Ms. Duncan:   So itís not the drafting work on the legislation? I am just trying to be clear on exactly what drafting has been done and what work has been accomplished.

Hon. Mr. Edzerza:   We have done drafting on the planned text plus the legislation.

Ms. Duncan:   Is any of this work able to continue with the absence of YEU from the committee? It would seem to me that it couldnít continue, but if itís the background work that is being done, I suppose the draftspeople could be working to prepare the draft for the committee when YEU returned. Would the minister just state exactly what is happening on this?

Hon. Mr. Edzerza:   We are drafting the legislation but it cannot be supported ó for lack of a better word ó until the union is involved.

Ms. Duncan:   So the draft legislation canít go to the Cabinet Committee on Legislation until the union is back involved.

Is there any hope of the union coming back in the near future? The computer use investigation has concluded, as I understand from the lengthy debate and the public discussions, although there are a number of appeals and so on currently underway. We have the arbitratorís report now. Is there any sense by the minister or the Public Service Commissioner that the YEU might be prepared to come back to the table, say, in six months? Or are they going to abandon the project until the next election? Do we know?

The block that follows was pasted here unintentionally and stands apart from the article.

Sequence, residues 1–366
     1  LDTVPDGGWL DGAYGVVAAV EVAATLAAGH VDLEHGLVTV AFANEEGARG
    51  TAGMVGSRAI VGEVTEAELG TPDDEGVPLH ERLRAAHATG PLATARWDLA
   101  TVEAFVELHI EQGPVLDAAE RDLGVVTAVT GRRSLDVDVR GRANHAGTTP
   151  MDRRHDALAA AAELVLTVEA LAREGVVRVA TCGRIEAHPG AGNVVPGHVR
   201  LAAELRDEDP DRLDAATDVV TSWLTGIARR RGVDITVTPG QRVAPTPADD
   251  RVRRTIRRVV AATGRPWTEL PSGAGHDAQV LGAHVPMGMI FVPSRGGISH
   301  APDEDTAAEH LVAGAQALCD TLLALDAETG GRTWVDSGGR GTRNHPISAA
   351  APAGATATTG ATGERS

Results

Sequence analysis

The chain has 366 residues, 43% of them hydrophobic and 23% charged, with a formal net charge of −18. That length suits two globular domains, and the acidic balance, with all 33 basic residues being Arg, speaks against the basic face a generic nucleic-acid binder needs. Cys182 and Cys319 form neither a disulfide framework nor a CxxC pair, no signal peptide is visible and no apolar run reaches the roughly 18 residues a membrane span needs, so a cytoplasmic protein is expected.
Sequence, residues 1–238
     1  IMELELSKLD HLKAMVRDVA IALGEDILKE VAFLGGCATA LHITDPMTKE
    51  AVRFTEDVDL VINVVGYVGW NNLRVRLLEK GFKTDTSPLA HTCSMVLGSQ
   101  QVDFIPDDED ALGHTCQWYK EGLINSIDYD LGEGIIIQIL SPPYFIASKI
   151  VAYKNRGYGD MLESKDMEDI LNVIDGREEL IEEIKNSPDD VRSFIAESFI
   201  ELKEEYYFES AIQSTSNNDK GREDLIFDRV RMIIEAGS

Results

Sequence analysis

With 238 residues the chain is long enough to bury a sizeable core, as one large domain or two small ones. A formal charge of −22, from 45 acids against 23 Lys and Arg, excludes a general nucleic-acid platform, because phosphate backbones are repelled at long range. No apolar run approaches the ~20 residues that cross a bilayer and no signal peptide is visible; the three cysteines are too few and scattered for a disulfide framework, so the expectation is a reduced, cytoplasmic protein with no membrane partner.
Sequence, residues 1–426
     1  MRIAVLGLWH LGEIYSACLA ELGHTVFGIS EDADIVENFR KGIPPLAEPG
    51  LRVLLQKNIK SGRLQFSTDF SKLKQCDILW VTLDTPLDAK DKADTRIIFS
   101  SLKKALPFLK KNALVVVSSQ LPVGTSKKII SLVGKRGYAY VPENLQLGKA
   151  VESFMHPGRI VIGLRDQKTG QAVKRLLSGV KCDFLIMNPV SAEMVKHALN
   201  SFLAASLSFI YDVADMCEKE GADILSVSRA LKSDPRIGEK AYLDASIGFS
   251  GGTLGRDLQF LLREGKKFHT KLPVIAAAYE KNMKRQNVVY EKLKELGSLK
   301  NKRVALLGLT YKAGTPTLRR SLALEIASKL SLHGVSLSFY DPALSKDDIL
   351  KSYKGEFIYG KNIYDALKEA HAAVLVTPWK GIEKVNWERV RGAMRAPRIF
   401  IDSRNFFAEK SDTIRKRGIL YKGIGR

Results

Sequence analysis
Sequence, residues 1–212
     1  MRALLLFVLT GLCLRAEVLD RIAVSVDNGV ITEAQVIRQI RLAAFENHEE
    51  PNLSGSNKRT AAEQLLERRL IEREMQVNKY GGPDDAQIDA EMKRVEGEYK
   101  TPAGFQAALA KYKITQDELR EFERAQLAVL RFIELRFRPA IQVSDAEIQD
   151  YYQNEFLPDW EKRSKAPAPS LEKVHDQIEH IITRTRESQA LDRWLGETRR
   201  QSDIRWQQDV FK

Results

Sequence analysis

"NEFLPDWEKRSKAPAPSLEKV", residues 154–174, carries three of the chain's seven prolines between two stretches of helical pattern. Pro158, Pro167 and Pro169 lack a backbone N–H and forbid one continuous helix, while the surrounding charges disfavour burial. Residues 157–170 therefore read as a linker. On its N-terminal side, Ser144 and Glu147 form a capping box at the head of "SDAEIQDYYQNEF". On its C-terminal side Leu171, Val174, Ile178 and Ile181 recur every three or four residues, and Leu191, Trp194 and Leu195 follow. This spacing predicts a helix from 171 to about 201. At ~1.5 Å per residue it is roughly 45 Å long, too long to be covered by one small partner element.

Hon. Mr. Edzerza:   To the best of my knowledge, I think the government will encourage the union to get reinvolved in this issue.

Ms. Duncan:   I would just state for the record that that encouragement is going to have to come from the minister and itís a very important project. Itís important for the Yukon; most importantly, itís important for all of our employees. Itís not without its issues. There is lots of work to be done yet, I recognize that, but itís a very important project that I would encourage the minister to personally do his best to encourage all parties to remain or come back and work on this particular project. I would hope that the minister would take that recommendation that I have made.